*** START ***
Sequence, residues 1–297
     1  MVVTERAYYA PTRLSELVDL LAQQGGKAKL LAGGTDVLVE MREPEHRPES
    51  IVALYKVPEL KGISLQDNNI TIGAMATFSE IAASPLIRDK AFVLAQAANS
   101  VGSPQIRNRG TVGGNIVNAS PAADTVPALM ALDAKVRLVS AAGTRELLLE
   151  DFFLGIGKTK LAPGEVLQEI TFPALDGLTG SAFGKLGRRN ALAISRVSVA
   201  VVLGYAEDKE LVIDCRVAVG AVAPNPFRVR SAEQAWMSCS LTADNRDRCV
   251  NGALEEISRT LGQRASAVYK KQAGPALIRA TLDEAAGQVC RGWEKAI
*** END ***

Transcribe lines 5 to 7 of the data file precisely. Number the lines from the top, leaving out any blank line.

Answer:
   151  DFFLGIGKTK LAPGEVLQEI TFPALDGLTG SAFGKLGRRN ALAISRVSVA
   201  VVLGYAEDKE LVIDCRVAVG AVAPNPFRVR SAEQAWMSCS LTADNRDRCV
   251  NGALEEISRT LGQRASAVYK KQAGPALIRA TLDEAAGQVC RGWEKAI